3) I was a big dumb moron.
To make a long, boring story short: I said, “Well, why not?” and applied for the job. And I got it. And once I actually took the time to watch the show I was about to work on, I was all like: “OH, MAN. THIS SHOW IS GREAT!” Two years later, I was promoted to Writers’ Assistant and allowed to write and produce a couple of episodes of the webisode series Seattle Grace: On Call. Now, we find ourselves in Season Seven, and here I’ve gone and written my very first episode of television.
Turns out: Best decision I’ve ever made. Ever. In my life. For real.
I tell you this long, semi-braggy story for two reasons:
REASON #1: to let you know that while this is the first time you’ve seen my name next to “written by,” I’ve actually been here behind the scenes for a while. In fact, if you happen to check out the Production Staff credit on THIS VERY EPISODE, you’ll see that I’m listed there, too. I’m more than familiar with what happens here at the Writer’s Blog. I’ve moderated your comments. I’ve gotten to know your handles. I even know that at this point I can expect a whole bunch of comments along the lines of WE DO NOT CARE ABOUT YOU OR YOUR DUMB LIFE. TELL US ABOUT THE EPISODE.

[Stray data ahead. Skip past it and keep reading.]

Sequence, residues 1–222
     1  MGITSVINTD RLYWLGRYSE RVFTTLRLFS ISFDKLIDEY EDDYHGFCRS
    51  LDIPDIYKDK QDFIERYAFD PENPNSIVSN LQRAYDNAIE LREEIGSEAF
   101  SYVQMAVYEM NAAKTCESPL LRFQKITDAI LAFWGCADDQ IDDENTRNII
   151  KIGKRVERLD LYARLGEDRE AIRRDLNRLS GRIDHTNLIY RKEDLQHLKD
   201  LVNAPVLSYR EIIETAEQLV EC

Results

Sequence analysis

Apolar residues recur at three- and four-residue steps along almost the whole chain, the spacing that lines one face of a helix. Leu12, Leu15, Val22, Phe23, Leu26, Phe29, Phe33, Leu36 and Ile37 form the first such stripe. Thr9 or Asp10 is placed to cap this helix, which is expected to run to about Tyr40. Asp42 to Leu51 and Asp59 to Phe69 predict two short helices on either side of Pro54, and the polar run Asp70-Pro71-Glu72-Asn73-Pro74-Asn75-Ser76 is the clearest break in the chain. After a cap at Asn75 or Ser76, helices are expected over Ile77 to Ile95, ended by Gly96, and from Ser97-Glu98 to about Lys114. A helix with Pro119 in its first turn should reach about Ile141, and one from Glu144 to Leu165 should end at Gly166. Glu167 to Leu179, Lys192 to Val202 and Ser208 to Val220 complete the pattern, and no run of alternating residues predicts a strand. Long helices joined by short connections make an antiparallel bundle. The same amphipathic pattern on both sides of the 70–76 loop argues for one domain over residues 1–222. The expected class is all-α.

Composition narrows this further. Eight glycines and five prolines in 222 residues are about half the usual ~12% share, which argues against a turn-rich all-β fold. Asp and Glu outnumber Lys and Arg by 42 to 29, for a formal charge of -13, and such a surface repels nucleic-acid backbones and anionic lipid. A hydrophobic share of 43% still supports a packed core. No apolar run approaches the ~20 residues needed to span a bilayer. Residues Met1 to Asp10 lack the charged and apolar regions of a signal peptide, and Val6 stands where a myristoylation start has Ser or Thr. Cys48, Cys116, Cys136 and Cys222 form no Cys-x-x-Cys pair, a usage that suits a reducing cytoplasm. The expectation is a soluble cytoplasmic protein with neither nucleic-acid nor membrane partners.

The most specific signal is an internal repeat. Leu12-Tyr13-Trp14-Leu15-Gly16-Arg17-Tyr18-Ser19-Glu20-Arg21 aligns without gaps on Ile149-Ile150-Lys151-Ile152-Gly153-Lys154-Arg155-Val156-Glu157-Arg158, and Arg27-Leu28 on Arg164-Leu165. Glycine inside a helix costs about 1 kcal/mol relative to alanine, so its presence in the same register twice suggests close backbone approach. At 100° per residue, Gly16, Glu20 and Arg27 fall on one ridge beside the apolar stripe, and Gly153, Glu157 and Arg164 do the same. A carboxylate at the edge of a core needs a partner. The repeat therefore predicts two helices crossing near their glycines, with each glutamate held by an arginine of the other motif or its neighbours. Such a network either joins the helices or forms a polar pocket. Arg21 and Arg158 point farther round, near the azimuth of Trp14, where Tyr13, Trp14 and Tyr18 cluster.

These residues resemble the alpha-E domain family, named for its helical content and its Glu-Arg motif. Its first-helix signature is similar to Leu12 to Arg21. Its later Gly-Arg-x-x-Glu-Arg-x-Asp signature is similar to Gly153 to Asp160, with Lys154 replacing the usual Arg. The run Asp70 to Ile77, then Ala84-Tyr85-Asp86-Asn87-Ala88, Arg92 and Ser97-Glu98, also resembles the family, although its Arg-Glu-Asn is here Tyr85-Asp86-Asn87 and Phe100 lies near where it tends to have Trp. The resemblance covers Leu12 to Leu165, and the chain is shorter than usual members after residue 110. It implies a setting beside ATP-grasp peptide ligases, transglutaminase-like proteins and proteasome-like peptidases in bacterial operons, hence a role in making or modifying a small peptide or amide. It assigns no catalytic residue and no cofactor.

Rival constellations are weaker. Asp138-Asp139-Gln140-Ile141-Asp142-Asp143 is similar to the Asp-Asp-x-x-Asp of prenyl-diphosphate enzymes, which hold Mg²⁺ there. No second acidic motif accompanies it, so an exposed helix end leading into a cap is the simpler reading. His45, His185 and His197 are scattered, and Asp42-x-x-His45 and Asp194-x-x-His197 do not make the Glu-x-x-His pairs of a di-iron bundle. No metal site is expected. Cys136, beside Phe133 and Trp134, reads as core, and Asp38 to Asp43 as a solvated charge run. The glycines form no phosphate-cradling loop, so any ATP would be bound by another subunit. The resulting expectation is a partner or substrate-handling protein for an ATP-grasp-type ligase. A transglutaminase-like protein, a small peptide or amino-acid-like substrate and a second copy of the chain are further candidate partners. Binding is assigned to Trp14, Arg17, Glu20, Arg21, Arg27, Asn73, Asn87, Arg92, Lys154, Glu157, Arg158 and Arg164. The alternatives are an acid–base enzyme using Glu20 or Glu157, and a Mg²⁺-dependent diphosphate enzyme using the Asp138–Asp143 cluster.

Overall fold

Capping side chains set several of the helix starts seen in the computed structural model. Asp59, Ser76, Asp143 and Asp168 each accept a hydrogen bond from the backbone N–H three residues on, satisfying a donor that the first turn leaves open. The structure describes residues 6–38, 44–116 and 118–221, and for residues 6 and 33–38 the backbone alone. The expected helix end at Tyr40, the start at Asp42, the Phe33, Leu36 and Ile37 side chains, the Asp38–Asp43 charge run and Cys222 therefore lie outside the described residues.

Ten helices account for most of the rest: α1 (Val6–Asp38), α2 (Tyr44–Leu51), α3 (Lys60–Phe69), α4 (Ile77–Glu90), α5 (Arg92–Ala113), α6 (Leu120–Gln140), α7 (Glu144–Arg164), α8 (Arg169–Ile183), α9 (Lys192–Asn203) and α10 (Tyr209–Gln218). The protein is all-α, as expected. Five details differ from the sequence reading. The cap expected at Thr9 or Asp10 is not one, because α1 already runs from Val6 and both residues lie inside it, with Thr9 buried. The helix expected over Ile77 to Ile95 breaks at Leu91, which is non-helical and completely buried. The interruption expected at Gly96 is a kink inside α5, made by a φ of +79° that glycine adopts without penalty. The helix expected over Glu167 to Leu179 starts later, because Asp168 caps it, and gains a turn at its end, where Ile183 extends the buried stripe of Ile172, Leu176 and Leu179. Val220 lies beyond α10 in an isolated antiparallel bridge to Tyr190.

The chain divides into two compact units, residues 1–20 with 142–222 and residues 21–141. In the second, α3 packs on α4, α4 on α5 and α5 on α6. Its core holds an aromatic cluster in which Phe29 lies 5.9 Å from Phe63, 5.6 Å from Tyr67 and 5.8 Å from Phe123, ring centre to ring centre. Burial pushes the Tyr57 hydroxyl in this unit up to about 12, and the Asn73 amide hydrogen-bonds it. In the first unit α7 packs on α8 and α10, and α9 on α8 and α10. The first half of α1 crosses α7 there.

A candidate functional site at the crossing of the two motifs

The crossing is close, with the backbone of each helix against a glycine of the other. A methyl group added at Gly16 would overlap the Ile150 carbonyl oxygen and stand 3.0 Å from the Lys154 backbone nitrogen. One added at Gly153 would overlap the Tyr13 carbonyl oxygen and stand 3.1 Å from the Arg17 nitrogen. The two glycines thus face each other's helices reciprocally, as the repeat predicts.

REASON #2: To illustrate just how life-changing a simple Q&A can be. “Will you apply for this job?” “Yes, I will.” BLAM. Life. Changed.
Which is how I oh-so-subtly segue into the portion of the blog you actually came here to read. You know, the part about the characters and stuff.